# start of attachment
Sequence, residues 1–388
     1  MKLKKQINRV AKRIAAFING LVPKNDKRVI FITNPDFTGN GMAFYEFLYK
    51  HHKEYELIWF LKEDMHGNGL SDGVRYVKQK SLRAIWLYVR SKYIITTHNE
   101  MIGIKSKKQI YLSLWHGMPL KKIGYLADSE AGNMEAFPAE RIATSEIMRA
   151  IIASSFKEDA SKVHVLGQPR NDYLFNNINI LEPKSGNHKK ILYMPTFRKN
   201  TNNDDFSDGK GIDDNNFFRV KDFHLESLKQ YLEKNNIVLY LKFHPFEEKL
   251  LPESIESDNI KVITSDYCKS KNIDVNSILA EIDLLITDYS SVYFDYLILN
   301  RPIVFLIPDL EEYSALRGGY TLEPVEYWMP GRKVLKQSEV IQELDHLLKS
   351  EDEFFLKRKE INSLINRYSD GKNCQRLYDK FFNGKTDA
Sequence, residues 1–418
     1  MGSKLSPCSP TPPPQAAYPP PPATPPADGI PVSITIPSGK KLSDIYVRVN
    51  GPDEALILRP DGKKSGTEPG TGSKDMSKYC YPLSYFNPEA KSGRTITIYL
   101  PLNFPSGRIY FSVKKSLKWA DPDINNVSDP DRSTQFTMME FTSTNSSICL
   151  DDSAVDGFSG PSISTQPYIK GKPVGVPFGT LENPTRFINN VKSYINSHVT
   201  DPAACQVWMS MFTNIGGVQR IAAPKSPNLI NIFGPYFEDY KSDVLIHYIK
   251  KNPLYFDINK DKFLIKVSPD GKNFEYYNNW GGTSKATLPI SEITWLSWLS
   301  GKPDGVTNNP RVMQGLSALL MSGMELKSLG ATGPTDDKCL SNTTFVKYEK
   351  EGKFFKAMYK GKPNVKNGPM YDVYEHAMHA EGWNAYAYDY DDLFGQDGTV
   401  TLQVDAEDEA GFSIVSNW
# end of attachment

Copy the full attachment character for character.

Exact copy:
Sequence, residues 1–388
     1  MKLKKQINRV AKRIAAFING LVPKNDKRVI FITNPDFTGN GMAFYEFLYK
    51  HHKEYELIWF LKEDMHGNGL SDGVRYVKQK SLRAIWLYVR SKYIITTHNE
   101  MIGIKSKKQI YLSLWHGMPL KKIGYLADSE AGNMEAFPAE RIATSEIMRA
   151  IIASSFKEDA SKVHVLGQPR NDYLFNNINI LEPKSGNHKK ILYMPTFRKN
   201  TNNDDFSDGK GIDDNNFFRV KDFHLESLKQ YLEKNNIVLY LKFHPFEEKL
   251  LPESIESDNI KVITSDYCKS KNIDVNSILA EIDLLITDYS SVYFDYLILN
   301  RPIVFLIPDL EEYSALRGGY TLEPVEYWMP GRKVLKQSEV IQELDHLLKS
   351  EDEFFLKRKE INSLINRYSD GKNCQRLYDK FFNGKTDA
Sequence, residues 1–418
     1  MGSKLSPCSP TPPPQAAYPP PPATPPADGI PVSITIPSGK KLSDIYVRVN
    51  GPDEALILRP DGKKSGTEPG TGSKDMSKYC YPLSYFNPEA KSGRTITIYL
   101  PLNFPSGRIY FSVKKSLKWA DPDINNVSDP DRSTQFTMME FTSTNSSICL
   151  DDSAVDGFSG PSISTQPYIK GKPVGVPFGT LENPTRFINN VKSYINSHVT
   201  DPAACQVWMS MFTNIGGVQR IAAPKSPNLI NIFGPYFEDY KSDVLIHYIK
   251  KNPLYFDINK DKFLIKVSPD GKNFEYYNNW GGTSKATLPI SEITWLSWLS
   301  GKPDGVTNNP RVMQGLSALL MSGMELKSLG ATGPTDDKCL SNTTFVKYEK
   351  EGKFFKAMYK GKPNVKNGPM YDVYEHAMHA EGWNAYAYDY DDLFGQDGTV
   401  TLQVDAEDEA GFSIVSNW